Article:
China Proposes Water Pipeline from Russia to Gansu Province

15 March 2017 Madeleine Lovelle, Research Analyst, Global Food and Water Crises Research Programme

Background

Chinese urban planners have proposed constructing a pipeline to pump water from Russia’s Lake Baikal in Siberia to the Gansu province, its drought-prone north-west region. The proposed pipeline is 1,000 kilometres long, and would draw water from the world’s deepest freshwater lake. The pipeline would commence at the south-western tip of Russia’s Lake Baikal, run across Mongolia and through the Hexi corridor (a desert region that lies at the western tip of the Great Wall of China) to Gansu’s capital city, Lanzhou.

IMAGE Russia China

Source: Global Times

Comment

With a total of 1.386 billion people, China has just over 18 per cent of the world’s population. Twenty-six million people reside in Gansu, yet its north-west province only receives seven per cent of China’s fresh water. The pipeline would provide great relief to China’s industrialised north-west region, particularly as the water shortage in the province poses as a serious threat to urbanisation, water wastage and pollution. Advocates for the proposal claim that not only will the pipeline benefit Gansu’s ecological environment, but it will also help boost the local economy that has suffered under the dry conditions.

Russian scientists in Siberia claim that exporting fresh water to China would provide a promising revenue stream for the country. While negotiations are yet to take place between Beijing and Moscow over the latest proposed pipeline, in 2016 Russia’s Agriculture Minister, Alexander Tkachev, proposed pumping water from Russia, across Kazakhstan to Xinjinag, another dry region in China’s north-west. The Minister noted, however, that the pipeline would only be possible if the proposal met Russia’s full environmental interests and related concerns.

The proposal for the pipeline is not the first of its nature. In 2014, China completed one of the biggest engineering feats in history with its South-North Water Diversion project. The project involved the construction of a large web of canals and reservoirs, which transport water from China’s south to meet the needs of its arid north. The greatest challenge to this latest project, therefore, does not appear to be the logistical challenge of shifting trillions of gallons of water from Russia to China, but rather, the political and diplomatic issues that may arise between the two countries.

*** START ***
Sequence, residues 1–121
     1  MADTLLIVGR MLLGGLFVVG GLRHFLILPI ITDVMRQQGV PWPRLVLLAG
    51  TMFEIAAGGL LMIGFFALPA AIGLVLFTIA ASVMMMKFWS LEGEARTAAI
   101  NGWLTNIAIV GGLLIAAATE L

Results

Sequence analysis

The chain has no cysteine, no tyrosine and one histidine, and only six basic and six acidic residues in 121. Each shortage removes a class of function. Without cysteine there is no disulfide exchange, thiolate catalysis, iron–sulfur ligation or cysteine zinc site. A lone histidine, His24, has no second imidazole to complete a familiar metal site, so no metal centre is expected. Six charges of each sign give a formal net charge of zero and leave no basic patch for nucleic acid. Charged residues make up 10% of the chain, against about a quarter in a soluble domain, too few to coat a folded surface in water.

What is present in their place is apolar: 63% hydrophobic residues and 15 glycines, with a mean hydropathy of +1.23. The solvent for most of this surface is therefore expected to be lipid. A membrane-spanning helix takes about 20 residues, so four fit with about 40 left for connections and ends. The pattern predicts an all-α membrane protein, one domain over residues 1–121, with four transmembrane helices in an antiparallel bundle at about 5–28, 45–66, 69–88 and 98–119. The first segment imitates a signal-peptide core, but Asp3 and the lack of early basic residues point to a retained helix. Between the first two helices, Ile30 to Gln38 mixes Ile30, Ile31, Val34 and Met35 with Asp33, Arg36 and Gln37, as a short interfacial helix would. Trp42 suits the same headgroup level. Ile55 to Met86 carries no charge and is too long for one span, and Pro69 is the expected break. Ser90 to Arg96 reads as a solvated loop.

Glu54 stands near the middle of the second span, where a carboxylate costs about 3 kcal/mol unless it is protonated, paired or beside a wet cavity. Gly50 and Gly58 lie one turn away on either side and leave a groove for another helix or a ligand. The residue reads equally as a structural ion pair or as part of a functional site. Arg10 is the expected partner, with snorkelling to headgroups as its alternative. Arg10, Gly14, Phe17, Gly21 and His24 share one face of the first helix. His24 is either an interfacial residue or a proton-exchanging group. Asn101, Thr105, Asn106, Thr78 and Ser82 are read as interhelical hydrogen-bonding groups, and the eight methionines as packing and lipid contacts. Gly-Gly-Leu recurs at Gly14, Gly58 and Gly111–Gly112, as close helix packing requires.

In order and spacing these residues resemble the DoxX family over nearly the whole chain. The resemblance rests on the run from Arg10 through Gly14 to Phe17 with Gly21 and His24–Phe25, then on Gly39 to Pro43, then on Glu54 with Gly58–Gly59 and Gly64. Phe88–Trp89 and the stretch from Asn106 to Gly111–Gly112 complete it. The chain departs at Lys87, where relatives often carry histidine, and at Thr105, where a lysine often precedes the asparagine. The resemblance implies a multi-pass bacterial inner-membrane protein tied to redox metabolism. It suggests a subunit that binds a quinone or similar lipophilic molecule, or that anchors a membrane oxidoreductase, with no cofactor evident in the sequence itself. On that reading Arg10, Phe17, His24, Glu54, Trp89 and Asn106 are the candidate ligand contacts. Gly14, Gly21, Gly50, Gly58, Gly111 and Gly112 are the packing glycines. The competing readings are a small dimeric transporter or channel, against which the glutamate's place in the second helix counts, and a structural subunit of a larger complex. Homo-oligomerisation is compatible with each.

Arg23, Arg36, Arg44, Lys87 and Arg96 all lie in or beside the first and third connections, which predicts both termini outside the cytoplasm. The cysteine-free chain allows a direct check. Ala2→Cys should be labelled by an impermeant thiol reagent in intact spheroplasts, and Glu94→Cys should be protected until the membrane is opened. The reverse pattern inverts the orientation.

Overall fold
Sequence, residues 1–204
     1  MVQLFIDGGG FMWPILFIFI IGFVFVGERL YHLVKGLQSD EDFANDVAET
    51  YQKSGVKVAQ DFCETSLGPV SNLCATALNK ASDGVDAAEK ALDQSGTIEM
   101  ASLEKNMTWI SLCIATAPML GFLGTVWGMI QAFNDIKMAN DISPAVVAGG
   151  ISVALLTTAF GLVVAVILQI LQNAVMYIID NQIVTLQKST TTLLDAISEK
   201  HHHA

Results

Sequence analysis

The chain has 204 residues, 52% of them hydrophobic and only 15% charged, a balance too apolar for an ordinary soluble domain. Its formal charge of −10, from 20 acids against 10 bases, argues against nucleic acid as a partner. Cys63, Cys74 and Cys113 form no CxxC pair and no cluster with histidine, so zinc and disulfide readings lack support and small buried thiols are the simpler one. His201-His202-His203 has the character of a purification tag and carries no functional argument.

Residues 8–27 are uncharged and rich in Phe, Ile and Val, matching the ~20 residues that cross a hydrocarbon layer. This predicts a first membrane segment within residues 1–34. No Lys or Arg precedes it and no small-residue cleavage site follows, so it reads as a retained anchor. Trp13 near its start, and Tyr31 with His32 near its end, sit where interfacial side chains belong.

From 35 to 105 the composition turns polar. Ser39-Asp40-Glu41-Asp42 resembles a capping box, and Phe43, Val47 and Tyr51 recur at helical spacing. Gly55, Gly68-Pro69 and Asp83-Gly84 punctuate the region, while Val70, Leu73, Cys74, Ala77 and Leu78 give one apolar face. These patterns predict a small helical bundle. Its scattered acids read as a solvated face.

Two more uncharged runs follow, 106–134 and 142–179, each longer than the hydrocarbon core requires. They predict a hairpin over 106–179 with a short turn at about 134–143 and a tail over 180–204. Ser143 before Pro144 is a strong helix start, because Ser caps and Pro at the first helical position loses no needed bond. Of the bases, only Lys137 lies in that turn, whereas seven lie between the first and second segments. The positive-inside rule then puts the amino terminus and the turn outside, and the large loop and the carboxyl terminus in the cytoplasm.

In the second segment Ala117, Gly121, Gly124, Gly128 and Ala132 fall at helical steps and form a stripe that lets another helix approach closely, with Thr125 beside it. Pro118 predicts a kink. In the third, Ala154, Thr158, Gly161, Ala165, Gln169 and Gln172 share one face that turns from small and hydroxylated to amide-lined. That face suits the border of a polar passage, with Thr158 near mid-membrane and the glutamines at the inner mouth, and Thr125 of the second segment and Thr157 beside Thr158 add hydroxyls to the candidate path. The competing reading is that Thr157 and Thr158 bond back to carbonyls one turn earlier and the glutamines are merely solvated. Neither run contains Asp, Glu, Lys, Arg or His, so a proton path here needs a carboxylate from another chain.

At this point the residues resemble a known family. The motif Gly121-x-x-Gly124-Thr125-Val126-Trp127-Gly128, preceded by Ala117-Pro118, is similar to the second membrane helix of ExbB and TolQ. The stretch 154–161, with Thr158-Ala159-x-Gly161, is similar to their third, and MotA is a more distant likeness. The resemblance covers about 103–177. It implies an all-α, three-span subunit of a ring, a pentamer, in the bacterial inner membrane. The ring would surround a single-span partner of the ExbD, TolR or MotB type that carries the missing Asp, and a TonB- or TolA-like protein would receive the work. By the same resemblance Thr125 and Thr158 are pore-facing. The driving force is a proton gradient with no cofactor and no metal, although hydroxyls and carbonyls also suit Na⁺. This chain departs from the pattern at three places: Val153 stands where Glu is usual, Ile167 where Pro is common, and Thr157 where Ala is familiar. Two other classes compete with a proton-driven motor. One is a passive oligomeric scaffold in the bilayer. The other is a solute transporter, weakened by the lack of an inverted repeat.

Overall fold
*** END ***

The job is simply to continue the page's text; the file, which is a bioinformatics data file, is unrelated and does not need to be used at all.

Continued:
Eastern Russia is sparsely populated. The Far East was once populated by eight million people during the period of the Soviet Union (USSR), but this population dwindled down to just two million following migration out of the area after the collapse of the USSR in 1991. Amidst Russia’s growing anxiety over demographic border tensions with China, Russian President Vladimir Putin announced in 2013 that populating Siberia and Russia’s Far East should be the country’s national priority in the 21st century. Though the countries have collaborated over a series of short-term threats and interests (including common approaches to governance, the United States’ presence in Central Asia, and allied presence in Eastern Europe and the South and East China Seas), Russia holds some concern over its porous borders in the Far East and the number of ethnic Chinese within Russian borders.

If Russia agrees to the plan, China’s proposal for a pipeline from Siberia to Gansu may solve short-term water supply concerns for China. As with the South-North Water Diversion project, however, it is likely that transporting water from one area to another may only act as a “band aid” solution for water supply while failing to address the threat of long-term water insecurity. Given that Russia holds territorial concerns over China’s increasing presence in Siberia and the Far East, even if the plan were to go ahead, China may find itself in a compromised position should tensions increase. As water becomes increasingly scarce, the issue of limited water supply has the potential to add to existing tensions between states. The form of trans-boundary water co-operation proposed by China is idealistic as it requires considerable co-operation from Russia and Mongolia. Political and diplomatic issues over water sharing, in this case, may instead create, rather than ease, tensions in the medium- to long-term.

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